Factors Associated With Non-participation in a Face-to-Face Second Survey Conducted 5 Years After the Baseline Survey

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Author(s)

    • Hara Megumi
    • Department of Preventive Medicine, Faculty of Medicine, Saga University
    • Higaki Yasuki
    • Laboratory of Exercise Physiology, Faculty of Sports and Health Science, Fukuoka University
    • Tanaka Keitaro
    • Department of Preventive Medicine, Faculty of Medicine, Saga University
    • Shimanoe Chisato
    • Department of Preventive Medicine, Faculty of Medicine, Saga University
    • Otsuka Yasuko
    • Department of Preventive Medicine, Faculty of Medicine, Saga University
    • Nishida Yuichiro
    • Department of Preventive Medicine, Faculty of Medicine, Saga University
    • Horita Mikako
    • Department of Preventive Medicine, Faculty of Medicine, Saga University
    • Yasukata Jun
    • Laboratory of Exercise Physiology, Faculty of Sports and Health Science, Fukuoka University
    • Yamada Yosuke
    • Department of Nutritional Science, National Institute of Health and Nutrition

Abstract

<b>Background: </b>Non-participation in second surveys is reported to be associated with certain baseline characteristics; however, such data are unavailable for Japanese populations. Although disease incidence during follow-up might influence participation, few reports have addressed this possibility. This study sought to identify factors associated with non-participation in a second survey of a population-based cohort, and to evaluate the influence of self-reported disease incidence on non-participation.<BR><b>Methods: </b>After excluding participants who left the area (<i>n</i> = 423), died (<i>n</i> = 163), and withdrew from the study (<i>n</i> = 9) among 12 078 participants in a baseline survey for the Japan Multi-Institutional Collaborative Cohort Study in the Saga region between 2005 and 2007, 11 483 people were invited by mail to participate in a face-to-face second survey between 2010 and 2012. The 5-year clinical health history of non-participants was assessed by mail or telephone. Baseline characteristics and self-reported clinical outcomes of non-participants were compared with those of participants.<BR><b>Results: </b>Among 11 483 people, 8454 (73.6%) participated in the second survey, and 2608 out of 3029 non-participants answered mail or telephone health surveys. Female sex, youngest and oldest ages, lower education, lower occupational class, current smoking, lower physical activity level, shorter sleep time, obesity, and constipation were associated with non-participation. Light drinking (0.1–22.9 g ethanol/day) was associated with participation. Non-participants reported a significantly higher incidence of cancer and a significantly lower proportion of hypertension compared with participants.<BR><b>Conclusions: </b>Both baseline characteristics and disease incidence during the follow-up period had significant associations with non-participation in the face-to-face second survey.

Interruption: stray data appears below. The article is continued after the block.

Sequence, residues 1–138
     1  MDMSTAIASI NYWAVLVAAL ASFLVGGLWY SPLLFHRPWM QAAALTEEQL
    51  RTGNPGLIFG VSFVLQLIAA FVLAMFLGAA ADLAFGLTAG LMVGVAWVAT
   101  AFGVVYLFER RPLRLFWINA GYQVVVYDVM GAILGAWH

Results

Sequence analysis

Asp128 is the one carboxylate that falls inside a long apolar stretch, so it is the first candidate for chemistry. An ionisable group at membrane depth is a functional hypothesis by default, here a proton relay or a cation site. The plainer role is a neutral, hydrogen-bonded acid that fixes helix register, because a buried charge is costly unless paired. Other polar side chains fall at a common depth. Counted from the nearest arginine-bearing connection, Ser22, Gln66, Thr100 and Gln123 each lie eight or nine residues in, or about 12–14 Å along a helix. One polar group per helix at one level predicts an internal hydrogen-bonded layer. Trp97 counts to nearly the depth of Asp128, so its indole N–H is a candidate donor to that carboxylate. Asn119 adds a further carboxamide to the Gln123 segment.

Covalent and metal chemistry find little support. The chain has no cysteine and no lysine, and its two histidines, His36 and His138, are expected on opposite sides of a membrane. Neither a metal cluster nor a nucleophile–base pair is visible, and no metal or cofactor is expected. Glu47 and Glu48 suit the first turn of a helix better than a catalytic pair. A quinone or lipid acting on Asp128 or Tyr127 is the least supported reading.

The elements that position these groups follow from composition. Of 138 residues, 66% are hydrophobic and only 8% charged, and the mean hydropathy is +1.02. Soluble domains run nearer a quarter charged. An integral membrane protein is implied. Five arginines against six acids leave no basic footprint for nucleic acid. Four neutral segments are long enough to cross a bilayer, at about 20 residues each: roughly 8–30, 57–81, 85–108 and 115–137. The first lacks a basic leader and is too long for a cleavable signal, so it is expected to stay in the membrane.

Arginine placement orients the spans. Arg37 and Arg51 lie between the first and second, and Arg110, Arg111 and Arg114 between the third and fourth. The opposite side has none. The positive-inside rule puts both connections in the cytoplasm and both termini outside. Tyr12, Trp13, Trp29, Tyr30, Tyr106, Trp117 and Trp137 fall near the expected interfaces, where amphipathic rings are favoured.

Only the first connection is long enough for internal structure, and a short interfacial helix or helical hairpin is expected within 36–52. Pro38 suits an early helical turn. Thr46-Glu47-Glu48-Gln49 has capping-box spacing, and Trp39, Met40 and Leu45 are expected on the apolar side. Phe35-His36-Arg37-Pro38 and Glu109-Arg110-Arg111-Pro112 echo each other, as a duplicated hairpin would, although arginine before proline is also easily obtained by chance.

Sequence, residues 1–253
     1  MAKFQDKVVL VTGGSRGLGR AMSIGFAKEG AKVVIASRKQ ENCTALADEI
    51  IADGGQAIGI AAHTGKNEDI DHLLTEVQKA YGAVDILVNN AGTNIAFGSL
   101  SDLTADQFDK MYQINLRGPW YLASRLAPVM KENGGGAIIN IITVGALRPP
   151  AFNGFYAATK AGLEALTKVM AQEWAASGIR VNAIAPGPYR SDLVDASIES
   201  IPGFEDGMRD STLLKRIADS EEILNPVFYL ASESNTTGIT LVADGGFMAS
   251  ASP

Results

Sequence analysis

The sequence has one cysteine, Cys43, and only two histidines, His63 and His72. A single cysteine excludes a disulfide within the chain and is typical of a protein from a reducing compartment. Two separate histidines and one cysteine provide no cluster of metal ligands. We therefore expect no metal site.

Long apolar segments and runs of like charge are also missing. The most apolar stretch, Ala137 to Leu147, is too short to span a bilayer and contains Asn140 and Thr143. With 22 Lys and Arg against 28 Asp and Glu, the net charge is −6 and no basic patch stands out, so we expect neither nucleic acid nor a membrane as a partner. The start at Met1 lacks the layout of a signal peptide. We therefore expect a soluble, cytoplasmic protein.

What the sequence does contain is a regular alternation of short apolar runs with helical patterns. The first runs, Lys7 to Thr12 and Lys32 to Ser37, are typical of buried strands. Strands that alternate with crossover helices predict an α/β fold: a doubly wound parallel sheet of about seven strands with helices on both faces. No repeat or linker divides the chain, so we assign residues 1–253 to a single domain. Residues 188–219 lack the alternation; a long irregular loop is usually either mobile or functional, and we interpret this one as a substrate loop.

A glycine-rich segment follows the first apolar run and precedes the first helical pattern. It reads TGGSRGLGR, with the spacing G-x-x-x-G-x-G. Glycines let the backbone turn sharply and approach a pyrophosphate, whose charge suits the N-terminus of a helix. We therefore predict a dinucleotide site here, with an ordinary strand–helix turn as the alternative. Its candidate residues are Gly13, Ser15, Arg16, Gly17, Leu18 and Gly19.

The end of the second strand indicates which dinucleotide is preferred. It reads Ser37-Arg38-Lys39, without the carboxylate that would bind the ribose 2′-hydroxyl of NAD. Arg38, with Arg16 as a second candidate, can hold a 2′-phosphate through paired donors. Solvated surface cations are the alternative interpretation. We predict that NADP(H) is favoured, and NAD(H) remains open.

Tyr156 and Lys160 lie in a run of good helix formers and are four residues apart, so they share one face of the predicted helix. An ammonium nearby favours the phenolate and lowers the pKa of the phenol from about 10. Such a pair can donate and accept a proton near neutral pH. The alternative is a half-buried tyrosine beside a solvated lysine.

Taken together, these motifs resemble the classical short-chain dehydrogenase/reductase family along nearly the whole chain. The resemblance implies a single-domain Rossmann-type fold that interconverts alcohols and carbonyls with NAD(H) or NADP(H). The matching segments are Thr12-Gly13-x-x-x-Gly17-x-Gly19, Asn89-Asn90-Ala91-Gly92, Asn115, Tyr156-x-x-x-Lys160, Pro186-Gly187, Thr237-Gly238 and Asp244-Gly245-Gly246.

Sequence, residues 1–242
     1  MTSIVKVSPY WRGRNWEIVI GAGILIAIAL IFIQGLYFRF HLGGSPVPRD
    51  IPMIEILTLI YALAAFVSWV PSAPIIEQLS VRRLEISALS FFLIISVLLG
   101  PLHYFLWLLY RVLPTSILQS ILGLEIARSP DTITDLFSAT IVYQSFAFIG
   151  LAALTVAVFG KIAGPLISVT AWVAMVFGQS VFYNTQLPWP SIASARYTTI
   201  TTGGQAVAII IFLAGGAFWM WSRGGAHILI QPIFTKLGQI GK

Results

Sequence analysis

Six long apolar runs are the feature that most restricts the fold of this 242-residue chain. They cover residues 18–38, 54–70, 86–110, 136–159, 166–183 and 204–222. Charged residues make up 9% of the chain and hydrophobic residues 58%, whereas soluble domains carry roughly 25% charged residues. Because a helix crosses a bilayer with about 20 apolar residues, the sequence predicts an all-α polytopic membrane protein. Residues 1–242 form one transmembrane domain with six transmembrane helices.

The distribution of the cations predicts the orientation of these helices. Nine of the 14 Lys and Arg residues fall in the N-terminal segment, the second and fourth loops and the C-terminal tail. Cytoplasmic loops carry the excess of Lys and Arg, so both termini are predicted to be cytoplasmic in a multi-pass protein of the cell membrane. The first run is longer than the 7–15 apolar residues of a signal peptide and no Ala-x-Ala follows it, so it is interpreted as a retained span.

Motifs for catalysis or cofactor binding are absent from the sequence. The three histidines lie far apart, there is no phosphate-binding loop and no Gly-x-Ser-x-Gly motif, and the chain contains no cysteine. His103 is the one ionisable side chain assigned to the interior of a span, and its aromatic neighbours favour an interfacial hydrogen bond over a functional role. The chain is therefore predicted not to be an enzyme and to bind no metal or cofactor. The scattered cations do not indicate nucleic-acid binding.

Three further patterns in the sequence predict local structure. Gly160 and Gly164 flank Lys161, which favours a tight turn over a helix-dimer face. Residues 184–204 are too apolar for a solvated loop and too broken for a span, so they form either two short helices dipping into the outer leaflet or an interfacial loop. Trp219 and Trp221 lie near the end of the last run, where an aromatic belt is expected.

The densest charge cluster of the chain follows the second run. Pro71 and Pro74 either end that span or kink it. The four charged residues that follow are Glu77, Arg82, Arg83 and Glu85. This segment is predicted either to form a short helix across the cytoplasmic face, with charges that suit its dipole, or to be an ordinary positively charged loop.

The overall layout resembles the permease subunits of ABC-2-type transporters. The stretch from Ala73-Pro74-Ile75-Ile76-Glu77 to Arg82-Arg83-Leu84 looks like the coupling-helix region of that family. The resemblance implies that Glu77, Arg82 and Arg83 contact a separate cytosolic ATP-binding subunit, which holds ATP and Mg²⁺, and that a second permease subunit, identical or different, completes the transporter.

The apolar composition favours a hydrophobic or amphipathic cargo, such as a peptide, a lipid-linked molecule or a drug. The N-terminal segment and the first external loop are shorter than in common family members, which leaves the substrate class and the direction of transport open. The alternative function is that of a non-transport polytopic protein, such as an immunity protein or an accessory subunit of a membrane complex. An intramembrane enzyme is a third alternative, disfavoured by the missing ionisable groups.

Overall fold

Journal

  • Journal of Epidemiology

    Journal of Epidemiology 25(2), 117-125, 2015

    Japan Epidemiological Association

Codes

  • NII Article ID (NAID)
    130004704585
  • Text Lang
    ENG
  • ISSN
    0917-5040
  • Data Source
    J-STAGE 
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